Comparative negligence works on a percentage basis to assign a degree of fault for the injuries suffered. For example a plaintiff in a products liability case cannot be found more than fifty percent at fault in order to be compensated for injuries suffered. If a plaintiff is found to be fifty-one percent at fault, he or she will not receive any damages for injuries suffered. Additionally, for plaintiffs that are found to be less than fifty-percent at fault, the award is reduced in proportion to the plaintiff's percentage of fault. For example, in a case where a person slips and falls on a wet supermarket floor and is awarded $100,000, the supermarket is found to be eighty-percent responsible for the accident because of dangerous floor conditions. The injured plaintiff is found twenty percent responsible for not exercising caution, so the award is reduced to $80,000.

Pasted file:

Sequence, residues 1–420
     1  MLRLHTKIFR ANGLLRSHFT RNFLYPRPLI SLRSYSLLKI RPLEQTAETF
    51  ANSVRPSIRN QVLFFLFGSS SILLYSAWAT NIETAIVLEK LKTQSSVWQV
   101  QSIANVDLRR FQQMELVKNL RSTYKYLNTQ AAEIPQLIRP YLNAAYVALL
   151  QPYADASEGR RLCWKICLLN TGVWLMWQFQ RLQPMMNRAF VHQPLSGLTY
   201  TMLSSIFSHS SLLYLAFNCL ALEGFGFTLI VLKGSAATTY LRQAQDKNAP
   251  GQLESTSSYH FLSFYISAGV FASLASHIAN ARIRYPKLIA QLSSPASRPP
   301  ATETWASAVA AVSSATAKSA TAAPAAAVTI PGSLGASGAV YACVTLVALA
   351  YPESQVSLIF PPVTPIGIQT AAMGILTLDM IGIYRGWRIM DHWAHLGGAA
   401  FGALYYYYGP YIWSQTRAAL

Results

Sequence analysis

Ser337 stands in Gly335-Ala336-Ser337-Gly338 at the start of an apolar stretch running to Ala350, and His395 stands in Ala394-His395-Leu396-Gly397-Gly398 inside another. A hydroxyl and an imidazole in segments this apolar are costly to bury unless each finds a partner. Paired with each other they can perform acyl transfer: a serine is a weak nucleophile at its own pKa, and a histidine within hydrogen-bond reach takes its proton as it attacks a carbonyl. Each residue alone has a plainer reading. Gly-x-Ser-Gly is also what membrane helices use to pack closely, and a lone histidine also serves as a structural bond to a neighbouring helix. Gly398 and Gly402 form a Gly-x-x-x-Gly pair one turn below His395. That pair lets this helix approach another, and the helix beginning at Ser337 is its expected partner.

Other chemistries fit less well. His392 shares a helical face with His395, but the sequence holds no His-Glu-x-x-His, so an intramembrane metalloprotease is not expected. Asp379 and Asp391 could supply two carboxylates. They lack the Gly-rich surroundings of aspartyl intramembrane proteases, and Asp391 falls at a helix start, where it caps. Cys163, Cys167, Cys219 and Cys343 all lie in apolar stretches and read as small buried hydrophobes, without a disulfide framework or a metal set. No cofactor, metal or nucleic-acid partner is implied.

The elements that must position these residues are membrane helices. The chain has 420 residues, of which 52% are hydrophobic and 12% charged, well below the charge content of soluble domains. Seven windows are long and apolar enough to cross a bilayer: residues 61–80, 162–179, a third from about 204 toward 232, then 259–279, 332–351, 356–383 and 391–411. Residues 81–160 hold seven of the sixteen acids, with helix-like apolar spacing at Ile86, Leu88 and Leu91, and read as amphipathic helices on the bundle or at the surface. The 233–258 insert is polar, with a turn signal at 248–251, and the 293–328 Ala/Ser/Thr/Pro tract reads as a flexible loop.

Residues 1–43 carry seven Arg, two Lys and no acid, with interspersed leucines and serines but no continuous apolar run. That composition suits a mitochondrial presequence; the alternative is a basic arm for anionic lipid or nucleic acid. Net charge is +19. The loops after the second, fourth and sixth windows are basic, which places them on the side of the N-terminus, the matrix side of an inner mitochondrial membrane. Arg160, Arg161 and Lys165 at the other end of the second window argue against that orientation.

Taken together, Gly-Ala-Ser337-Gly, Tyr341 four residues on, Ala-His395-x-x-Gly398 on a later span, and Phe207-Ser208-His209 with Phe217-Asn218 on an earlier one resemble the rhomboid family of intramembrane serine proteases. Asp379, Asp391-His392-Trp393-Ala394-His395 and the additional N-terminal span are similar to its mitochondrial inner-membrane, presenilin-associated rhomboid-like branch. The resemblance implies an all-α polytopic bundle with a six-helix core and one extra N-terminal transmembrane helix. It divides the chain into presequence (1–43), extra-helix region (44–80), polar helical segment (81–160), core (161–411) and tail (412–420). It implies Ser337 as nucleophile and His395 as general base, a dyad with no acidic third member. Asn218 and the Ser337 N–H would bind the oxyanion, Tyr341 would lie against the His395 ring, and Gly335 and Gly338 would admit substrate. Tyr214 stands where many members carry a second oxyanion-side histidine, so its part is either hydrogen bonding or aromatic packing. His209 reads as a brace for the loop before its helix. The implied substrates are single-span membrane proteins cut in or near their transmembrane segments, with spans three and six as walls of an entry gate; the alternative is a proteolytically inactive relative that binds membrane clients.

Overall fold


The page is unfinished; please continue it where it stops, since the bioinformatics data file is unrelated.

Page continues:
What is comparative negligence?